The Rain in Spain Will Fall Mostly on the Data Plane

Carl Weinschenk
Slide Show

SDN in 2014: More Adoption and More Money for Vendors

Network functions virtualization (NFV) and its cousins, software-defined networks (SDNs) and network virtualization (NV), are shaping up to be topics du jour at the Mobile World Congress (MWC), which is being held this week in Barcelona.

The good thing about technology is that despite the complicated execution and sea of acronyms, the underlying concepts are based on common sense. If explained correctly, they are accessible. Steve Garrison, VP of marketing, Pica8, does just that in a Network World piece that defines NFV, NV and SDNs.

The simple explanation: The three are working together to take networks from being static and difficult, time consuming and expensive to adjust to being far more flexible and easier to program. They are moving networks from hardware- to software-centric.


The bottom line is laid out nicely:

  • NV creates tunnels through existing networks so that elements that are on the same network but not directly connected can be linked.
  • NFV puts services – Garrison cites firewalls, Intrusion Detection Prevention Systems (IDPSes) and others – on those NVs.
  • SDNs allow the network to be programmed and managed by divorcing the control and data planes. In other words, the intelligence that dictates exactly where data goes can be in a centralized location. This makes it unnecessary for techs to visit each device to make changes and enables far more prudent global decisions to be made from a single “pane of glass.”

MWC, which traditionally is an annual mid-winter harbinger of what is hot in mobile, is becoming a more general barometer as the wireless and wireline worlds coalesce. Electronics Weekly ran a piece that quoted Ovum analyst Catherine Haslam on what is expected in Spain this week:

“To achieve this, operators need flexible and highly manageable networks, and Ovum expects SDN and NFV to move from slideware to reference cases. They also need more and better services, with broadcast LTE, VoLTE, and the integration of Big Data the most prominent, and they need more connections,” said Haslam.

Carol Wilson at Light Reading provides a rundown of introductions, demonstrations and partnerships that will be on display in Barcelona among vendors in the vital NFV segment. She discusses demonstrations of the virtual Evolved Packet Core by Intel and Red Hat and RAD Data Communications’ NFV capabilities. Dell and Red Hat also will be conducting an NFV demo.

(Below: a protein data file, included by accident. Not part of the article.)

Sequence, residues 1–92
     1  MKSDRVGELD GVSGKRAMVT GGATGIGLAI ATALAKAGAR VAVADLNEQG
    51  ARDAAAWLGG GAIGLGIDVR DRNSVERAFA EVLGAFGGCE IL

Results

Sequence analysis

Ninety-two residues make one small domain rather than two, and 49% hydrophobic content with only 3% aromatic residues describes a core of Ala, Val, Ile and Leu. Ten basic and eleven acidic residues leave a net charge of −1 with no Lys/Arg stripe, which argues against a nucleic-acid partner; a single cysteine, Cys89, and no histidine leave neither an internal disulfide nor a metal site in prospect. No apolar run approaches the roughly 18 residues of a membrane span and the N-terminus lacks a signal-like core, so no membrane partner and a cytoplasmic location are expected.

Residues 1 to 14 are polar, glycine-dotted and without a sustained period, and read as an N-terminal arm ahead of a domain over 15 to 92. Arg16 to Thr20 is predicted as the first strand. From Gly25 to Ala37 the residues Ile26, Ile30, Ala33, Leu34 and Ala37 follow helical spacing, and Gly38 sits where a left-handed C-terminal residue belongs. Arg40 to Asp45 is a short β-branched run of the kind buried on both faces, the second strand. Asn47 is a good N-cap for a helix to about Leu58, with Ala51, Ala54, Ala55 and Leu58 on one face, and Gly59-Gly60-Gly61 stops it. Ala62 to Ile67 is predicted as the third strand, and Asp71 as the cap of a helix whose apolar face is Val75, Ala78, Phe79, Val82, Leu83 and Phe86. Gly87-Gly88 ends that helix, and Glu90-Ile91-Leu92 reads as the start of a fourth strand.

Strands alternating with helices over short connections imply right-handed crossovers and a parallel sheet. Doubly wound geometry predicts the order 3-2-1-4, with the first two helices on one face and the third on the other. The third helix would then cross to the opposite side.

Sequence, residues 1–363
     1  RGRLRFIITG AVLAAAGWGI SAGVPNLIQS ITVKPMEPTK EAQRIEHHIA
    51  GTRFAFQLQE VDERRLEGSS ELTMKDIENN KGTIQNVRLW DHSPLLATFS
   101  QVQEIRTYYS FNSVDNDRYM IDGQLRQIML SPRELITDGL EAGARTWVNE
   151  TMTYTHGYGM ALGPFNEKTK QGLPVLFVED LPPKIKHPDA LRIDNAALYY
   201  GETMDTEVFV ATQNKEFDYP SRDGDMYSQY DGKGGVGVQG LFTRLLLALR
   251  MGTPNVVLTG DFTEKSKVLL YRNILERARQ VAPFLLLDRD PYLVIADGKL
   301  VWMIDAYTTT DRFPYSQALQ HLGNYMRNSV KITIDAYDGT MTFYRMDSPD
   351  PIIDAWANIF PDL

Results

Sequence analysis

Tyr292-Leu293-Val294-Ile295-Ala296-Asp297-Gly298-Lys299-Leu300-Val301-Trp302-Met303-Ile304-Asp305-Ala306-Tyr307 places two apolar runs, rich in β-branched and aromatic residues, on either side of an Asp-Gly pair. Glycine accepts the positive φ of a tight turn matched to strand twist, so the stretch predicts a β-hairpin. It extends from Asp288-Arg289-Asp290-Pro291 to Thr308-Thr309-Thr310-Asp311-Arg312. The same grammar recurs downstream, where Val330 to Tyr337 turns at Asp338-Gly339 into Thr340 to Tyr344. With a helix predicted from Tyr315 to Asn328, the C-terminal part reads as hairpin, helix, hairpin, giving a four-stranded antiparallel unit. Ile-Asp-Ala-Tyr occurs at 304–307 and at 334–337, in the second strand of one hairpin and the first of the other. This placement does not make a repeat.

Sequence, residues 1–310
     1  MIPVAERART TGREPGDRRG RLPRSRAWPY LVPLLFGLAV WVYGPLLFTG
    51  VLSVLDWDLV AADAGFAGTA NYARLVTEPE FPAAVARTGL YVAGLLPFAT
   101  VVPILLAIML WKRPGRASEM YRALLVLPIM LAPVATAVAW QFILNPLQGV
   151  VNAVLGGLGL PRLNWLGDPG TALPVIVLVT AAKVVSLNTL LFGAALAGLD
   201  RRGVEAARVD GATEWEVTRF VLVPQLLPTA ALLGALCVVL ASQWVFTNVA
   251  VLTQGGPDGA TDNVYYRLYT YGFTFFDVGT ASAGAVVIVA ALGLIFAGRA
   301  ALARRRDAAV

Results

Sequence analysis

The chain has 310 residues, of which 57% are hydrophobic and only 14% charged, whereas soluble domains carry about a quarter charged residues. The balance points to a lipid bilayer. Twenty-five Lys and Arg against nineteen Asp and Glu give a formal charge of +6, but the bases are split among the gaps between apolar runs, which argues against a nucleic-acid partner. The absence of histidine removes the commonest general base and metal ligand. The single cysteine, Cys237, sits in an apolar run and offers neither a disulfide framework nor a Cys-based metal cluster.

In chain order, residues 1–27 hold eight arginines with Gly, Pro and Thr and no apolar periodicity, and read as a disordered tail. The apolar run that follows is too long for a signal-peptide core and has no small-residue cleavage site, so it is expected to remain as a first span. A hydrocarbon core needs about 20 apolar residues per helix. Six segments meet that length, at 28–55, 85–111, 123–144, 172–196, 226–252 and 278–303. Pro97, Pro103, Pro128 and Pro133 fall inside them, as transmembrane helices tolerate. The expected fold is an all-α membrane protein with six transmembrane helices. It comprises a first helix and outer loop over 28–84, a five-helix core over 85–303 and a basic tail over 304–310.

eWeek’s Jeffrey Burt highlighted still another demo at MWC. Broadcom and Huawei Technologies, according to Burt, are creating a platform that will enable others to serve the market:

Broadcom will demonstrate a new platform designed to enable system makers and third-party vendors to create virtualized network function applications that can migrate across multiple system-on-a-chip (SoC) platforms, bringing greater flexibility and cost-effectiveness to network operators and service providers who are navigating an increasingly cloud-based environment.

Juniper also will use MWC to expand its offerings in the programmable networking area. The company introduced the Junos Fusion management plane, and expanded its SDN portfolio with the NorthStar Controller and expanded MX Series routers with service customization tools.

It clearly is a category that is in the ascendency. CRN reported last week that Hewlett-Packard is launching a unit dedicated to NFV. It will be in the company’s cloud organization and will be headed up by HP networking division Senior Vice President and General Manager Bethany Mayer. She will report to CTO Martin Fink.



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